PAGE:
The noun sugar daddy denotes a rich older man who lavishes gifts on a young woman in return for her company or sexual favours.
In 1923, a murder brought to the forefront of the news and popularised the earlier form of this word, heavy-sugar daddy; the earliest instance that I have found is from The Evening Times (Sayre, Pennsylvania) of Wednesday 28th March of that year:
Dorothy King’s “Daddy”
John Kearsley Mitchell, son-in-law of E. T. Stotesbury, multimillionaire of Philadelphia, has been revealed as the mysterious “Mr. Marshall,” who was the “heavy sugar daddy” of Dorothy Keenan King, New York model, who was chloroformed to death in her New York City apartment.
Much has already been written about the murder of Dorothy King (born Anna Keenan – ?1894-1923). From a language perspective, I am only interested in the words heavy, sugar, baby, papa, daddy and sweetie, and their combinations, as used and defined in the following passage from a biography of Anna Keenan published on Wednesday 21st March 1923 in the Salisbury Evening Post (Salisbury, North Carolina); Anna was, says this newspaper, a very pretty Irish girl who in 1912, at the age of eighteen, married Eugene Irving Oppell, a chauffeur aged twenty-six, who left her after a few months; Anna (or Dorothy, as she was beginning to call herself) dropped the hated name of Oppell and was occasionally employed as a model for suits and gowns; the Salisbury Evening Post then explains:
An accident changed her from just a “good-time girlie” to one of Broadway’s best known “heavy sugar babies.”
A “heavy sugar baby,” for the benefit of those whose world is not bounded by 42d Street, Fifth Avenue, 57th Street and Eighth Avenue, is a girl who has mastered the art of separating men from large quantities of “sugar,” i.e., money or things that it will buy.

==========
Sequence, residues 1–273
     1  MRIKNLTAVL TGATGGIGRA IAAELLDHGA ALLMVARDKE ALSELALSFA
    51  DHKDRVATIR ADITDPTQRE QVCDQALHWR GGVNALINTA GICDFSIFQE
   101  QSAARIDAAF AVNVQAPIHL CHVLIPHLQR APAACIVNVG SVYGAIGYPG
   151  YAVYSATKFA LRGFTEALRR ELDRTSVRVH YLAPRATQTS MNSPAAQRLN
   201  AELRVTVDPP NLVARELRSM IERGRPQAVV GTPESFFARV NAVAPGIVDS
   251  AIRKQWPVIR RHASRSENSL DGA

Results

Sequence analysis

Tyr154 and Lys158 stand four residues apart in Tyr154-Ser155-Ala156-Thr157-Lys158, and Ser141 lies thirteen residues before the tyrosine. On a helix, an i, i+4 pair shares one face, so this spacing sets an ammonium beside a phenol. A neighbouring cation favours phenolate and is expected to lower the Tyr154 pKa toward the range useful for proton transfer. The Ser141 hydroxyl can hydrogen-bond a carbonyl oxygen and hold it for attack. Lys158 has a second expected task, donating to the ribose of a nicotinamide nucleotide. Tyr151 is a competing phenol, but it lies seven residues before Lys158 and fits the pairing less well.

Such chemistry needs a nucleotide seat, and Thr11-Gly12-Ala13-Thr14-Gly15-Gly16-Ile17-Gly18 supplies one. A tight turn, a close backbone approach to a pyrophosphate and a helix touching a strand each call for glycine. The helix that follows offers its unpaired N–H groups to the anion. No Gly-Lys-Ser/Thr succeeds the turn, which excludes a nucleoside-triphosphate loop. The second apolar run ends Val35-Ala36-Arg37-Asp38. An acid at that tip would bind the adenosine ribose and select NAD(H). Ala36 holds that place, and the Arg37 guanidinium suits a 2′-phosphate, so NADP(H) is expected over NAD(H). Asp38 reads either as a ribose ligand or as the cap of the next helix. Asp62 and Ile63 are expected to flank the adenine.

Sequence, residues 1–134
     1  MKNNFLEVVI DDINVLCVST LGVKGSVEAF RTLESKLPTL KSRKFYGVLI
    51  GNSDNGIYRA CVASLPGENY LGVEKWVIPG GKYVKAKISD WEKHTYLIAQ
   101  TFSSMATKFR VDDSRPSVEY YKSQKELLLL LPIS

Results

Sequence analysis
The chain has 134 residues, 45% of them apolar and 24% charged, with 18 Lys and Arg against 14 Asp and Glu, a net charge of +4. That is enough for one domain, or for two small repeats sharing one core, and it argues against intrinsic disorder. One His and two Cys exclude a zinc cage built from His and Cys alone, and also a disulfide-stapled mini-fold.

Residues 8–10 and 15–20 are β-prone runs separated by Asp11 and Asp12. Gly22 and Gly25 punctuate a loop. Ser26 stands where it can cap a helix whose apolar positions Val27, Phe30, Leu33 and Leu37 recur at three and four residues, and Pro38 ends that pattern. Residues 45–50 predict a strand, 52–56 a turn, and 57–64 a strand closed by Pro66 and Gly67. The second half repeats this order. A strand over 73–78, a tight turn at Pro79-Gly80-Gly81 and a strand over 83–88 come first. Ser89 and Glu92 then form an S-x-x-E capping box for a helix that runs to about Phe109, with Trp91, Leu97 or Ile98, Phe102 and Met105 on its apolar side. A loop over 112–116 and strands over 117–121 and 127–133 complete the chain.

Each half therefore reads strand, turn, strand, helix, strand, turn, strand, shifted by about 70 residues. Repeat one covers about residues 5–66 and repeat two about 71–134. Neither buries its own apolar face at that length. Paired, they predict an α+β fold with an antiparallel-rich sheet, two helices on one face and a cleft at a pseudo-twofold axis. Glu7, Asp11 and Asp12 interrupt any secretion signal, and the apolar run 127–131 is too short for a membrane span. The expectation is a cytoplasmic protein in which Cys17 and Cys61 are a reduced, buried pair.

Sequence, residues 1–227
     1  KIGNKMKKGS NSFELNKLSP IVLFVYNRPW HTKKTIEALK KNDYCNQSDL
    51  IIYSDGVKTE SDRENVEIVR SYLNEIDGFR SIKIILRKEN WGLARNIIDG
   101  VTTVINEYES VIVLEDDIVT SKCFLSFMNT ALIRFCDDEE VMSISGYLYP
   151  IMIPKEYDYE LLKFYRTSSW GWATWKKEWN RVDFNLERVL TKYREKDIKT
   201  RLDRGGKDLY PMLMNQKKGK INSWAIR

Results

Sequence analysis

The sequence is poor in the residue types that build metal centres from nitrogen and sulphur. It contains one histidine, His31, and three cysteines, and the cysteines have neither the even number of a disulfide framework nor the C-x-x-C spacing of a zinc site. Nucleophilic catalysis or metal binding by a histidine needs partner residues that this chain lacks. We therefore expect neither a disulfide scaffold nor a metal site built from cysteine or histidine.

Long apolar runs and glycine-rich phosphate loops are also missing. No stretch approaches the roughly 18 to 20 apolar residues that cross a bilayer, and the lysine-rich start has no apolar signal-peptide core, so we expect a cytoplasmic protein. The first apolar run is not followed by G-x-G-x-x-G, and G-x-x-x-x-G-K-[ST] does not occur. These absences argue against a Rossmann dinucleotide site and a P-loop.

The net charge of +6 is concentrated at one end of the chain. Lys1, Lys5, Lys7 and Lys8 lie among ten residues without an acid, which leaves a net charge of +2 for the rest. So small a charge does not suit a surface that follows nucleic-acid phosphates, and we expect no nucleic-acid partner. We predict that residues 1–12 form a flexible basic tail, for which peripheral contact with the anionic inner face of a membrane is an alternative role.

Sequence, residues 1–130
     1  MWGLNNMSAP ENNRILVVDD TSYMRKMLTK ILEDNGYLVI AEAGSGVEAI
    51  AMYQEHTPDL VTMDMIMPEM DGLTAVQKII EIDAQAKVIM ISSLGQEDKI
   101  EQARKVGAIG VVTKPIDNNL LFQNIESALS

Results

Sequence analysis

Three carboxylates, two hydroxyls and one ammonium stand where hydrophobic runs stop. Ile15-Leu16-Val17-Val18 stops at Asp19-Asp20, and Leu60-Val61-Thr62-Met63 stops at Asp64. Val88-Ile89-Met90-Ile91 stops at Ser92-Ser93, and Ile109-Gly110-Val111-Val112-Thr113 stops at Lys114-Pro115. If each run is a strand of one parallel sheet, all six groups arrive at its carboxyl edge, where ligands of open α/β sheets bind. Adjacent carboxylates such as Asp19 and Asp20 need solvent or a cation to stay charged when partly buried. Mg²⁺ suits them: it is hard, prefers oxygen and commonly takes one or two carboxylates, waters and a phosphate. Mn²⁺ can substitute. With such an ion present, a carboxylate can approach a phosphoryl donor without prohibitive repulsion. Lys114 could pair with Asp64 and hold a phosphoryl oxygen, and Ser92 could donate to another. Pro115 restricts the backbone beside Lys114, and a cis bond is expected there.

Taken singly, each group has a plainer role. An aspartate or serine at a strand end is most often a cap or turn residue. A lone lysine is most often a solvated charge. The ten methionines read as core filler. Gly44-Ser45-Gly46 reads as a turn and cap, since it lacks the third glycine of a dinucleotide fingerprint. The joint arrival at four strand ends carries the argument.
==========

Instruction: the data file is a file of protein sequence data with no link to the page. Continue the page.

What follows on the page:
“Papa,” “Daddy” and “Sweetie”
The “heavy sugar baby’s” men friends, according to the idiom of Broadway’s half-world, are divided into three classes—the “papa,” the “daddy” and the “sweetie.” The “papa” is an elderly admirer with sugar, lots of sugar. “Daddy” has just as much, but is younger. The “sweetie” is not so strong on sugar, but very strong on love—or what passes for it in the world bounded above. Once in a blue moon a girl is lucky enough to find that perfect combination, the “heavy sugar sweetie,” and then ambition’s highest summit is reached.
The Salisbury Evening Post then tells how, by “accident”, she met “another woman”, who
introduced Dorothy to a lot of nice, rich men, just the right material for “papas” and “daddies.” The nice, rich men took to Miss King immediately. (The King was her mother’s maiden name and sounded nicer than Keenan.) It wasn’t long before Dorothy was on the road to prosperity. Swiftly she learned the ways of making “paps” [sic] and “daddies” feel that a nice little girl really ought to have a new gown, or a new bracelet, or a new something.
Following the murder of Anna Keenan, several newspapers published a Broadway Glossary; for instance, The Evening Journal (Wilmington, Delaware) of Wednesday 28th March 1923:
Here are striking examples of the weird vocabulary possessed by people of Broadway’s half-world, as disclosed in the investigation into the murder of Dorothy King, beautiful model:
Butterfly—Girl who lives the night [life] of cabarets.
Good-time girlie—Butterfly before she has found sugar.
Angel—A man with sugar; any age.
Heavy-sugar baby—Girl coated with sugar: one who has found out how to separate men from large quantities of money or things it will buy.
Heavy-sugar guy—The heavy sugar baby’s victim.
Where the sugar blows—Live wire resorts.
Papa—Elderly admirer with lots of sugar.
Daddy—Not as old as a Papa, but with just as much sugar.
Sweetie—Man with no sugar, but lots of “love.”
Buddie—Same as Sweetie, but more of a business associate than lover.
Heavy sugar sweetie—A rare and perfect combination; love plus sugar.
Gold-digger—Heavy sugar baby not afraid to admit it.
Sap—Private term for one who gives up heavy sugar.
Come-on stuff—Business of vamping heavy sugar guy for sweetie’s sake.